As the temperature drops it’s not unusual to crave warm and starchy food. Starting the day with something hot and protein-rich, can stop the sweet cravings from creeping in later. But how can you keep your cooking mojo firing for three meals a day? To stave off boredom, here are some super easy menu ideas and recipes to keep you happy and healthy through to spring.
Cold weather food favourites
Many of these dishes can be made in a slow cooker, or in one pot on the stove or oven. Making larger batches provides leftovers for lunch, or can be frozen for nights when you get home late or tired.
Stewed seasonal fruit (try adding some cinnamon, nutmeg or ginger for a bit of variety)
Homemade baked beans
Eggs – boiled, scrambled, poached, omelettes.
Soups (in a thermos if on the go)
Leftover bakes and stews
Roasts (nut or meat) with baked or steamed vegetable
Tagine (veg or omni)
Fish pie (dairy-free)
Grilled tofu or veggie burger/fish/meat with a side of roasted or mashed vegetables
A touch of sweetness
Warm stewed apples, pears or other dense, seasonal fruit. Add spices like cinnamon and nutmeg as desired.
Creamy quinoa, or quinoa with orange and ginger, make a satisfying dessert.
Instant miso soup (check first that it doesn’t contain MSG), or simply stir 1 tsp in a cup of boiling water, makes an enjoyable savoury drink on a cold day.
Chai is a popular drink but you don’t have to add tea, milk and sugar to enjoy warming spices like ginger, cardamom and cinnamon. These herbs make a great “kitchen cupboard spice tea”. Hibiscus, rosehips or a few slices of orange combined with a generous chunk of finely chopped or grated root ginger, a cinnamon stick and a pinch of star anise makes a delicious winter tea. The longer you infuse, the better this tea will taste.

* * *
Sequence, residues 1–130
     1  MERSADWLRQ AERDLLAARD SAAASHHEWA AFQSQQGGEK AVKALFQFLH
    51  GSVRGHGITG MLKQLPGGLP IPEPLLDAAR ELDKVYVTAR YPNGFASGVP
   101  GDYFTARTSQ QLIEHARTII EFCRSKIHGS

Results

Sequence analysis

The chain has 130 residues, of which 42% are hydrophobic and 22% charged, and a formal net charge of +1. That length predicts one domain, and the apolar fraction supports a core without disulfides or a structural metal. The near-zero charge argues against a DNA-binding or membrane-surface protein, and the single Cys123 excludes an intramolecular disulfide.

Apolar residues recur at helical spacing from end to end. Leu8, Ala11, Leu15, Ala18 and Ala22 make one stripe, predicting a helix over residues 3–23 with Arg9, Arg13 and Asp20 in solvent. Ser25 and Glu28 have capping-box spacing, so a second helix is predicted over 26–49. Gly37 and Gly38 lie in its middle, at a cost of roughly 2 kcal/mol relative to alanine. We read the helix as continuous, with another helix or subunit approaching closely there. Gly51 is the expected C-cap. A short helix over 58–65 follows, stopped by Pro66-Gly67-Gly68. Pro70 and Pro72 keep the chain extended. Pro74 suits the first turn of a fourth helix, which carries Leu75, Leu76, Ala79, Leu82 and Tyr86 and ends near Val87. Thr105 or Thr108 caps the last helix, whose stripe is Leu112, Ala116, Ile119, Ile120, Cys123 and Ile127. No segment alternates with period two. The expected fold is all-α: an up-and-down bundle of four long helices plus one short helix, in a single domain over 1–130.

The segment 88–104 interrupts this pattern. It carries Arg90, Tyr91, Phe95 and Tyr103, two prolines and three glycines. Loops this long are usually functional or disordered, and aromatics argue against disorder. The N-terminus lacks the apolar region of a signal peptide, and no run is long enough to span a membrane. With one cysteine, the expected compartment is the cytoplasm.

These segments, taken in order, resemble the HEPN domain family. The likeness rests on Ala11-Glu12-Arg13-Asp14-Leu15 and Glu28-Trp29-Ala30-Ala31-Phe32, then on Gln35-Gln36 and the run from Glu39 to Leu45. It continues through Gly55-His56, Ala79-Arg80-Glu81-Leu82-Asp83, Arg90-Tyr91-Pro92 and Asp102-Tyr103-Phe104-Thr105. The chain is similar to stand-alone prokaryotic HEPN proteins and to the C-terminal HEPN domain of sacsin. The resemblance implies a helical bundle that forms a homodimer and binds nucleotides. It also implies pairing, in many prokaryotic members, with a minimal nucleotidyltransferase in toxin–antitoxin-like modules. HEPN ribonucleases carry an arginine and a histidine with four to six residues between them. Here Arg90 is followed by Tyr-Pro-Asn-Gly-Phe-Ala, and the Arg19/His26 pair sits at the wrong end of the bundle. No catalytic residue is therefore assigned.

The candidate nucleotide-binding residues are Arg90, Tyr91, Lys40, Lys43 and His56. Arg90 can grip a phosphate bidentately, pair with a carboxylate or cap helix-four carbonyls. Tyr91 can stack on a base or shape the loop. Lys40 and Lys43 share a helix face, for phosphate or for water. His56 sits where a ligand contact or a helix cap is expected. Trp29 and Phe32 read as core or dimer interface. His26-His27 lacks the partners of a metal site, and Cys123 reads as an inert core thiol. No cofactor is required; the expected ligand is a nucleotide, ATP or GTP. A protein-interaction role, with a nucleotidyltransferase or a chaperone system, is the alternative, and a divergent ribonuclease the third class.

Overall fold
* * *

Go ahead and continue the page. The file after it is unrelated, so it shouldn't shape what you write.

Spices and warm drinks are synonymous with mulled wine. Much of the alcohol is driven off in the cooking process (if not fortified with brandy or other spirits before drinking) but grape juice is a good non-alcoholic substitute for wine.
Large batch cooking
Soups and stews freeze well, so cook larger batches when you have time. If live alone, save in single portions.
If you tend to arrive home cold and tired after a long day, cup sized portions of blended soups can be quickly reheated to revive you while cooking a larger meal. Single-serve soup is also handy for children and teens to snack on after school or sport.
Compared to many of our northern hemisphere (and even kiwi) friends, winter is comparably short in Australia. Make the most of the chilly weather by embracing some some “hygge time”. While eating warm food and drinks are part of a creating sense of cosiness, so too are candle light, soft blankets and for an Aussie twist on this Scandinavian tradition – Ugg boots.